Forum for Science, Industry and Business

Sponsored by:     3M 
Search our Site:

 

Gene may hold key to reducing spread of oral cancers

26.07.2010
The spread of cancer cells in the tongue may be reduced if a gene that regulates cancer cell migration can be controlled, according to new research at the University of Illinois at Chicago.

Oral cancer is an under-treated and poorly understood disease, says Xiaofeng "Charles" Zhou, assistant professor in the UIC Center for Molecular Biology of Oral Diseases and lead researcher of the study.

More than 90 percent of oral cancers are squamous cell carcinomas that normally start on the gums, floor of the mouth, or tongue. About 30,000 Americans are affected each year, Zhou said.

While new cancers of all types have risen 8 percent in the last five years, oral cancer increased 21 percent, according to the American Cancer Society. Tongue squamous cell carcinoma, one of the most frequent oral cancers, rose more than 37 percent in this period. And although overall cancer deaths decreased during this period, those due to oral cancer increased by 4 percent -- and those due to tongue squamous cell carcinoma by 10 percent.

Improvements in patient survival require better understanding of tumor invasion and how cancer spreads, Zhou said, so that aggressive tumors can be detected early and targeted therapies can be developed.

While researchers have tried to identify altered genes that contribute to the aggressive nature of tongue squamous cell carcinoma, most previous studies have focused on protein-encoding genes, Zhou said.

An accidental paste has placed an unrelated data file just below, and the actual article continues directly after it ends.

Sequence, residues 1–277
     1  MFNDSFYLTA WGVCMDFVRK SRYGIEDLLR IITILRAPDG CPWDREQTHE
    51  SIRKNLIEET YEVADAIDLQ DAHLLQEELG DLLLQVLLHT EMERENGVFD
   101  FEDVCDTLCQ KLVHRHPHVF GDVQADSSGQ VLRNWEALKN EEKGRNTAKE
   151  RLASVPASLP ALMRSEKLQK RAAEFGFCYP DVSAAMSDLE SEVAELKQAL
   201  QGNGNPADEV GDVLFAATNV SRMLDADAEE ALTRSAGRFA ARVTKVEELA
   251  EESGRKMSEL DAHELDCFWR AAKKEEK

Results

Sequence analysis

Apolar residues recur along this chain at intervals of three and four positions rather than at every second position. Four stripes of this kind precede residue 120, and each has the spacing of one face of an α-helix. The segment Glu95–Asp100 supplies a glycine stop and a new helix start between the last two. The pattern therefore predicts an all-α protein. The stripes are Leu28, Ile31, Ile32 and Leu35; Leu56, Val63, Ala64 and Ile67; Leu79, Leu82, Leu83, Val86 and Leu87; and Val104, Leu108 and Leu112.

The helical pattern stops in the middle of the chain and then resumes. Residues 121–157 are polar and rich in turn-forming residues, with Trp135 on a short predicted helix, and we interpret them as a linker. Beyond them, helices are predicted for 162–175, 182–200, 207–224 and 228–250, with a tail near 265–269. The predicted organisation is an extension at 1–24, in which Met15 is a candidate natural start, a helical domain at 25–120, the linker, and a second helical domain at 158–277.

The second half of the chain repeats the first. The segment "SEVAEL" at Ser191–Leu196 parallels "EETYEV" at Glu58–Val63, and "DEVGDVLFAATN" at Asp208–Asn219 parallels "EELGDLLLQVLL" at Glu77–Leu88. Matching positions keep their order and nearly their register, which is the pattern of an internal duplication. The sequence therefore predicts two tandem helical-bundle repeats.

The new study examines a noncoding gene called microRNA-138.

MicroRNAs are small, noncoding RNA molecules that control the expression of a target gene after the intermediary message for the gene has been transcribed into RNA, Zhou said. Several microRNAs are believed to stimulate the spread of various types of cancer. The new study, he said, demonstrated that a reduced level of microRNA-138 is associated with enhanced ability of tongue squamous cell carcinoma cells to spread.

"Our knowledge of genomic aberrations associated with noncoding genes and their contributions to cancer initiation and progression is relatively limited," he said.

The study is published in the August issue of the International Journal of Cancer. It was funded by grants from the National Cancer Institute, the National Institute of Dental and Craniofacial Research, and the Prevent Cancer Foundation.

Zhou was assisted by Lu Jiang, Xiqiang Liu, Jinsheng Yu, Anxun Wang, Fei Shi and Caroline Heidbreder of the UIC Center for Molecular Biology of Oral Diseases, and Antonia Kolokythas of UIC's department of oral and maxillofacial surgery.

For more information about UIC, visit www.uic.edu.

Sam Hostettler | EurekAlert!
Further information:
http://www.uic.edu

More articles from Life Sciences:

nachricht Biofuel produced by microalgae
28.02.2017 | Tokyo Institute of Technology

nachricht Decoding the genome's cryptic language
27.02.2017 | University of California - San Diego

All articles from Life Sciences >>>

The most recent press releases about innovation >>>